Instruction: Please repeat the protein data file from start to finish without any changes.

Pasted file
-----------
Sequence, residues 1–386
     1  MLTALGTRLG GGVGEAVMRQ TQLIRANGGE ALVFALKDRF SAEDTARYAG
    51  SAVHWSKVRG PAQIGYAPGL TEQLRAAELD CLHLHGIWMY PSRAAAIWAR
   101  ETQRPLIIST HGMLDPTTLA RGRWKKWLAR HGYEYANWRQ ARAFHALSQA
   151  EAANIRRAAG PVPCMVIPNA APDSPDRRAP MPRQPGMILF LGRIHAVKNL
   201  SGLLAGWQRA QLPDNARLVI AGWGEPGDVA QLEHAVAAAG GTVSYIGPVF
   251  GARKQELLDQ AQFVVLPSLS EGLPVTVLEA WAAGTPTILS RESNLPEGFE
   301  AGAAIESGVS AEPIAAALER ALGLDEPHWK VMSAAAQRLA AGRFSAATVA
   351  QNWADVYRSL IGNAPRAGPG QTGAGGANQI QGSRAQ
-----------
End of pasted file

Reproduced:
Sequence, residues 1–386
     1  MLTALGTRLG GGVGEAVMRQ TQLIRANGGE ALVFALKDRF SAEDTARYAG
    51  SAVHWSKVRG PAQIGYAPGL TEQLRAAELD CLHLHGIWMY PSRAAAIWAR
   101  ETQRPLIIST HGMLDPTTLA RGRWKKWLAR HGYEYANWRQ ARAFHALSQA
   151  EAANIRRAAG PVPCMVIPNA APDSPDRRAP MPRQPGMILF LGRIHAVKNL
   201  SGLLAGWQRA QLPDNARLVI AGWGEPGDVA QLEHAVAAAG GTVSYIGPVF
   251  GARKQELLDQ AQFVVLPSLS EGLPVTVLEA WAAGTPTILS RESNLPEGFE
   301  AGAAIESGVS AEPIAAALER ALGLDEPHWK VMSAAAQRLA AGRFSAATVA
   351  QNWADVYRSL IGNAPRAGPG QTGAGGANQI QGSRAQ